UKIP’s West Sussex County Council opposition leader and parliamentary candidate for East Worthing & Shoreham, Mike Glennon, considers the unhealthy health service.
Free Lunch – Who cooks it? Who pays?
My wife has been a nurse for several decades and my mum also served over forty years in the National Health Service. But you don’t need family members on the inside to know that things aren’t quite right in the NHS nowadays.
Before we address a few home truths, though, let’s consider a few philosophical honesties. I asked a sample of friends recently what the NHS is for. Not surprisingly, they said it was to provide free health care. Sounds absolutely right, but actually completely incorrect. The NHS is there to provide health care; there is no such thing as free health care – or free schools or free lunches come to that.
What we treasure as a nation is the concept of health care free at the point of delivery – and quite rightly all political parties, including UKIP, are committed to that premise. The real issues are who does pay for it and who provides the actual clinical services.
As for who pays, the answer is simple; the Government pays, but of course we provide their tax revenue. The free bit wanes a bit at this stage perhaps? Anyway, the Government then decides upon whom or what will provide the services and this is where the whole debate becomes contentious.
Efficiency - private versus public
A wide range of public services over the years has been committed into the hands of private sector providers. The list is too long to recount here, but Governments of all persuasions have indulged it, the prime argument always being that privatisation brings a more efficient and competitive service. At this point I have to ask rail commuters to stop laughing – or are they screaming?
In reality, there is no reason why public-owned organisations cannot be equally efficient and they don’t have to carve off large slices of their surpluses to feed profit-hungry shareholders.
Let’s just focus on our crumbling NHS. The present junta at Westminster prefers to see increasing privatisation of clinical services and recent proposals to outsource the musculo-skeletal services at Worthing and Chichester hospitals to a privately-led consortium are consistent with this ethos.
But after private organisations have creamed off attractive profit margins to satisfy their investors, the amount of money actually directed at clinical services has to be smaller than it was before – unless of course somebody wants to pump in more money and, in these austere times, it’s unlikely to come from any part of Government. And we don’t fancy providing it ourselves, do we?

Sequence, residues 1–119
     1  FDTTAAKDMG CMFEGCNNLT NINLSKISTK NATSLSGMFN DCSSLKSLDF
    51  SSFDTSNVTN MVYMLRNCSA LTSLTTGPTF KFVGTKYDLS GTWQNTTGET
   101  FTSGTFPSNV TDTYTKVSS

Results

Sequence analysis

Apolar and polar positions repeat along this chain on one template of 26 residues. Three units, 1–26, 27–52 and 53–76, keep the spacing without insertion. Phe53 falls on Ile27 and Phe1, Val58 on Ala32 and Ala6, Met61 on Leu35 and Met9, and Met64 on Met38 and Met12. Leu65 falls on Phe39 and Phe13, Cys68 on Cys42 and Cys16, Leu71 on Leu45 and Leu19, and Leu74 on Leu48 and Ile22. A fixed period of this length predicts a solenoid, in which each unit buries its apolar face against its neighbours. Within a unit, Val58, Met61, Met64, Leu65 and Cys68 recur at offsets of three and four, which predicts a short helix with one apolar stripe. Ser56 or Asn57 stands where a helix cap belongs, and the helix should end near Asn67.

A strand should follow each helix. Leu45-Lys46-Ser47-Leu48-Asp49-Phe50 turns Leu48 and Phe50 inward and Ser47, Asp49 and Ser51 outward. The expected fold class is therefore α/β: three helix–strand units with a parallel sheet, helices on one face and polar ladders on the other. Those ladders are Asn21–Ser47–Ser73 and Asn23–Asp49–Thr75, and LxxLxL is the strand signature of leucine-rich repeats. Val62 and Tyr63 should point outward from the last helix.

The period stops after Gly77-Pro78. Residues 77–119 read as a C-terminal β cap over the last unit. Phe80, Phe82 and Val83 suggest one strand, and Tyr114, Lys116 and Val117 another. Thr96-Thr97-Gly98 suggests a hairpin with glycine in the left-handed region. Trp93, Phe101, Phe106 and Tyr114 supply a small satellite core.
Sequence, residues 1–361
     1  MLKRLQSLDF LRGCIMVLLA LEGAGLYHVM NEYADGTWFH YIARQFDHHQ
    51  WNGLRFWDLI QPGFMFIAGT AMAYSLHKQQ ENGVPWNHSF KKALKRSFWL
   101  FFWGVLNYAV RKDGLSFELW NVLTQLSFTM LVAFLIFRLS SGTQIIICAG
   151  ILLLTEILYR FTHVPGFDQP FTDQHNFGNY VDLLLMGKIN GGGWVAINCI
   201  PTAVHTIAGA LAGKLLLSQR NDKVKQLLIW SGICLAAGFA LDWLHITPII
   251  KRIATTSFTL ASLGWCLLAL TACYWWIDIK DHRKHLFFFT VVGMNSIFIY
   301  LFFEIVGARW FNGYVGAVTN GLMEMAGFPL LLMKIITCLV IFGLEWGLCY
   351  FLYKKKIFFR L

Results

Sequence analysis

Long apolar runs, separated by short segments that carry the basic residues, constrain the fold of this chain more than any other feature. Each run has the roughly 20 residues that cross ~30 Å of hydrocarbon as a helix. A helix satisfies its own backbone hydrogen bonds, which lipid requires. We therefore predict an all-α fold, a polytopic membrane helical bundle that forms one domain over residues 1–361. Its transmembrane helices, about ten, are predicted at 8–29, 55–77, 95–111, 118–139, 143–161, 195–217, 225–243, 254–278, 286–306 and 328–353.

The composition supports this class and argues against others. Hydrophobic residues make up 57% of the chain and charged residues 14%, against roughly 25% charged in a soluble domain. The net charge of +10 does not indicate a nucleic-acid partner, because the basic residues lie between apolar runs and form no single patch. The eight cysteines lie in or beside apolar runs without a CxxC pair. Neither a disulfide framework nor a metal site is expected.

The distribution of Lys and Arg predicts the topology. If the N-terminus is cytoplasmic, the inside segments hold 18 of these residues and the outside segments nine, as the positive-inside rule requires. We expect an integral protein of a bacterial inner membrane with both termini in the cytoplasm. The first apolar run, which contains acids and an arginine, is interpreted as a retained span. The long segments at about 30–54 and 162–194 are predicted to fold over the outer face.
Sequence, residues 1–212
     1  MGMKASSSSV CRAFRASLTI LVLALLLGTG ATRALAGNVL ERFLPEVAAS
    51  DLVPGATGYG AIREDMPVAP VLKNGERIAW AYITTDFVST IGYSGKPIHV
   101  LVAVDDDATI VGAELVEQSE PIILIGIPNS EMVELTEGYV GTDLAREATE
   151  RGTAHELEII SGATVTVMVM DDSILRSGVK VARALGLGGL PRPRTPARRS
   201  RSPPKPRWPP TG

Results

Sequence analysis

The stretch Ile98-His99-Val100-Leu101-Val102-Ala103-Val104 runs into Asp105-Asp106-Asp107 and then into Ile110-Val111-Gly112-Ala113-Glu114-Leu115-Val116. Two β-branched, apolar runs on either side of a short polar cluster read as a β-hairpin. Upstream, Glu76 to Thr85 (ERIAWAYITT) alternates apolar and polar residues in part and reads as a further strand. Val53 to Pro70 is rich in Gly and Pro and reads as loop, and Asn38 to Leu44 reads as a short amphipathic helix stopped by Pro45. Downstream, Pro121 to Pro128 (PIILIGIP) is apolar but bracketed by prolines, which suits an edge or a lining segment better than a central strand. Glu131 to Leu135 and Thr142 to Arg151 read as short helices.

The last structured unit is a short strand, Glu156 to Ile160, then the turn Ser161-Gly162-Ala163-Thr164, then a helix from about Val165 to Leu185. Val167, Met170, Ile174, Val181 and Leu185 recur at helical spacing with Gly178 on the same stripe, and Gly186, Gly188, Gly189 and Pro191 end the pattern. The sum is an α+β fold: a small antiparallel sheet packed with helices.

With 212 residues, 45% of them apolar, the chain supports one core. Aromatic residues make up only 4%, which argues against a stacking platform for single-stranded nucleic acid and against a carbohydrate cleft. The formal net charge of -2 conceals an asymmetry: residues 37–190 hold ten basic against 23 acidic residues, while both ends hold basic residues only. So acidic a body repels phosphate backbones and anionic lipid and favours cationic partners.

The gamble, therefore, is that a private organization is so blisteringly efficient that it can deliver a better end service for less money. Time for free lunch, do I hear?
So how can real public sector health provision hit back? Well, there are still big inefficiencies in the NHS and my inside contacts tell me regularly of the resources they see wasted, in terms of materials, staff time and energy. Mindless, extravagant, unnecessary bureaucracy is the killer. Moreover, the plethora of back-office jobs created to accommodate politically-correct dogma is woeful. Marketing people, public relations types, equality & diversity advisors, policy gurus, ad nauseam. They need to go in large numbers, but that would take a degree of political courage unknown among our existing political elites. In any case, much of the bureaucracy is inflicted upon us by our EU masters in Brussels and they certainly have no appetite for dismantling it.
But these issues must be addressed radically, if we are to retain efficient public sector health care provision.
The associated problem with outsourcing ever more services, is that it undermines the financial economies of scale of those services which remain. It is a bit like a confectioner finding that another retailer has carved off his ice cream sales on Monday, then his soft drinks on Tuesday … come Saturday his chocolate sales are insufficient to support the business. Of course, that doesn’t worry the commercial predators, who are smacking their lips at the thought of devouring the NHS entirely.
This is the reason why I am wholly opposed to more outsourcing and I believe that as private contracts expire, services should actually be brought back into the NHS proper.
NHS – What does N stand for?
What we must all bear in mind, though, is that the “N” in NHS stands for something rather important.
A National Health Service only really works when there is such a thing as a Nation. The wholesale efforts of the EU and its Trojan Horses in Britain are to break down nationhood, whereby Britain is open to half a billion EU citizens to come and settle here whenever they please. In other words, this is not a sovereign UK, it is just an open province of the European super-state.
The vast ingress of settlers puts huge strain on infrastructure. People turning up and expecting the full largesse of the British National Health Service the moment they have picked up their first pay cheque is untenable. I have been paying in to the system for three and a half decades. The idea we can give free services to those who have hardly contributed at all is risible and the net outcome plain to see. Burying one’s head in the sand is, of course, an option (and one passionately embraced by some folks).
UKIP believes that those arriving in Britain should be required to provide evidence of current, valid private health insurance. If they need non-emergency health care, they must finance it through their own resources, as you find in most other countries around the world. I have noticed consistently a reticence on the part of Government at all levels to identify the amount of NHS resources that could be protected in this way. One is given to wondering why.